# How do I evaluate #int(ln(3x))^2 dx#?

Your integral becomes:

Which can now be solved by parts (twice).

By parts you have:

Where:

The integral becomes:

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To evaluate (\int (\ln(3x))^2 , dx), you can use integration by parts, where (u = (\ln(3x))^2) and (dv = dx). After differentiation and integration, the integral simplifies to (\frac{1}{3}x(\ln(3x))^2 - \frac{2}{3} \int \ln(3x) , dx). You can then integrate (\int \ln(3x) , dx) using substitution.

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When evaluating a one-sided limit, you need to be careful when a quantity is approaching zero since its sign is different depending on which way it is approaching zero from. Let us look at some examples.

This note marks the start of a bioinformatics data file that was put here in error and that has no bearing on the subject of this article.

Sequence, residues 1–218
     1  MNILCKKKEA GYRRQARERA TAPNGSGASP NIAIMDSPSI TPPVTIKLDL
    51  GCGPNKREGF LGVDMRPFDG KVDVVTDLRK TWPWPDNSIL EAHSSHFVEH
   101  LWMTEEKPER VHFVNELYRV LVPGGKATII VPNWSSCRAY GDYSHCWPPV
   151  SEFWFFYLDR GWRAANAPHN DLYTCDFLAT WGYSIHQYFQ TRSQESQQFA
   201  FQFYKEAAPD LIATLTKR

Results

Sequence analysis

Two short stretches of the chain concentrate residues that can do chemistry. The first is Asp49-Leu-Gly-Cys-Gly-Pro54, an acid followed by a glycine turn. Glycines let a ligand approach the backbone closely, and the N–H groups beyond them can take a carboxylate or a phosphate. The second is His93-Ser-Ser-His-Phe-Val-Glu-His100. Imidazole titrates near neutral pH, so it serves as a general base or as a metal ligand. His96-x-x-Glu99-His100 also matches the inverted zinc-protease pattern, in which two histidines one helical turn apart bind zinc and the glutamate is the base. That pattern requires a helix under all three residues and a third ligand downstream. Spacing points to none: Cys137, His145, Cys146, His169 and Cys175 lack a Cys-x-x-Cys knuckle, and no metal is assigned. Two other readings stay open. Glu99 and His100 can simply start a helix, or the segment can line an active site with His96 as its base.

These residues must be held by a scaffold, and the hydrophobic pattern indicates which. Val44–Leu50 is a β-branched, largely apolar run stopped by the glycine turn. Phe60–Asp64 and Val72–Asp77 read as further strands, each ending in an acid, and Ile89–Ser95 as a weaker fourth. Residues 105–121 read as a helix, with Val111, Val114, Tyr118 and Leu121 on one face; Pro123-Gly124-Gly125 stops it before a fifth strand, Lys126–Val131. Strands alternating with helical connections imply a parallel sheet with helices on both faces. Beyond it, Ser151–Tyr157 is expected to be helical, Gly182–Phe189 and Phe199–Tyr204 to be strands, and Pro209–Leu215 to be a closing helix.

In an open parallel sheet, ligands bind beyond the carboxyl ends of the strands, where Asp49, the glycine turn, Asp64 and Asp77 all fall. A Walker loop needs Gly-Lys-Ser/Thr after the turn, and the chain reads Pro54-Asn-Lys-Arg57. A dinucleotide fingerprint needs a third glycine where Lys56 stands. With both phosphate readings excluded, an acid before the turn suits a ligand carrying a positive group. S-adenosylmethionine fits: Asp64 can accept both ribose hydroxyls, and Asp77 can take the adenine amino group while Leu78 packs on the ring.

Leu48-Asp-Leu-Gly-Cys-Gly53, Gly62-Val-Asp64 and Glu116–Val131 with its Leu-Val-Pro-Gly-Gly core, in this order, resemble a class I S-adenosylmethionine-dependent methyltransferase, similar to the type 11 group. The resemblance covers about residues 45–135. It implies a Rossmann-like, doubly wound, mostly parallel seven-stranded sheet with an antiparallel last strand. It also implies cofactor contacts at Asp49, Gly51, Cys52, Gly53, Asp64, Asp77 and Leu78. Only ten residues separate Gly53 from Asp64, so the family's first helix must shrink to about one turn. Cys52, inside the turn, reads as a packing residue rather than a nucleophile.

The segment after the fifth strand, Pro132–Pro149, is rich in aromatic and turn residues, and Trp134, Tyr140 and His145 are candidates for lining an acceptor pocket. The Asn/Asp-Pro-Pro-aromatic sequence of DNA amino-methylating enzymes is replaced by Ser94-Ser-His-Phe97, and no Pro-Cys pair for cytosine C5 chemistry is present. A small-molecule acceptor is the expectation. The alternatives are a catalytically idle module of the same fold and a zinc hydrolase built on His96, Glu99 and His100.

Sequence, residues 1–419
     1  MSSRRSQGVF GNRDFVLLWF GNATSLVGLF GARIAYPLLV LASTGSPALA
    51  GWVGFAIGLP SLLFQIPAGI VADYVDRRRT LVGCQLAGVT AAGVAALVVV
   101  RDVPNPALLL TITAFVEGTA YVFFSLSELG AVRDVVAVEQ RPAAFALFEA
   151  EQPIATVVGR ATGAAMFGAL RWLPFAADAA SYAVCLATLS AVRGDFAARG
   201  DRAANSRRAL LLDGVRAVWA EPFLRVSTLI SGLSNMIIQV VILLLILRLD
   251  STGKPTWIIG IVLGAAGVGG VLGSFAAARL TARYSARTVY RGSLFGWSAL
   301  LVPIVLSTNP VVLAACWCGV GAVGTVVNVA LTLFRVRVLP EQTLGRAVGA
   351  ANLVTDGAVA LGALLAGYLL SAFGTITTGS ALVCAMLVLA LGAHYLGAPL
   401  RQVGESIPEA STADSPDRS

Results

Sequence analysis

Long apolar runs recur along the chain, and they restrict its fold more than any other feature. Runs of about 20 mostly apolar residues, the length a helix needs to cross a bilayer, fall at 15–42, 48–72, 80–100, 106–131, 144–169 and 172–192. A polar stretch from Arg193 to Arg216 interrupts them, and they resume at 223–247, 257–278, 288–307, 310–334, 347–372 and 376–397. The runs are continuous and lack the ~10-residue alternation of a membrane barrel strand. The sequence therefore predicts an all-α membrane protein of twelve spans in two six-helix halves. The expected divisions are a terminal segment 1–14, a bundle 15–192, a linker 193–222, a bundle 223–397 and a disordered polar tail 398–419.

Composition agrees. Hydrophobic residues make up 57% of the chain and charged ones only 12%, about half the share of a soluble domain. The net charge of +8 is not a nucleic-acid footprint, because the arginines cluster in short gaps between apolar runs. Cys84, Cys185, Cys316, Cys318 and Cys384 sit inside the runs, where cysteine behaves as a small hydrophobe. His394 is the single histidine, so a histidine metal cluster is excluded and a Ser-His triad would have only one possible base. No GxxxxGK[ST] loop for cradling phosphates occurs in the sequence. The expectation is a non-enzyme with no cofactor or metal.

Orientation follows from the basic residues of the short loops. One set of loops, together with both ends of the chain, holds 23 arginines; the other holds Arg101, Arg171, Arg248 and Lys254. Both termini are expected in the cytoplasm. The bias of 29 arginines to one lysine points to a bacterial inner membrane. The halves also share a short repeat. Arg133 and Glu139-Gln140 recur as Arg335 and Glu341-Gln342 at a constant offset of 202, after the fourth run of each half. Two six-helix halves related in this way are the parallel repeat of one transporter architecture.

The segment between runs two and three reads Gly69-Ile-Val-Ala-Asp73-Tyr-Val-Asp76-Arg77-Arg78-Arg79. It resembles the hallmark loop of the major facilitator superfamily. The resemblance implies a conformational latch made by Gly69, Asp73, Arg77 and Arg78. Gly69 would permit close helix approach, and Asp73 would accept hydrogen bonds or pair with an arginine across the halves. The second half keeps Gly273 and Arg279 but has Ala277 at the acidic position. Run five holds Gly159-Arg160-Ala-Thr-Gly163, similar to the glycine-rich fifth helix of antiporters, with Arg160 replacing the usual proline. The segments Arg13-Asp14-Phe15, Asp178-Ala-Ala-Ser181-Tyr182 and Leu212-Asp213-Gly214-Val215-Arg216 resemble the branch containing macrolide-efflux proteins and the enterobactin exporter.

When evaluating a one-sided limit, you need to be careful when a quantity is approaching zero since its sign is different depending on which way it is approaching zero from. Let us look at some examples.

When evaluating a one-sided limit, you need to be careful when a quantity is approaching zero since its sign is different depending on which way it is approaching zero from. Let us look at some examples.

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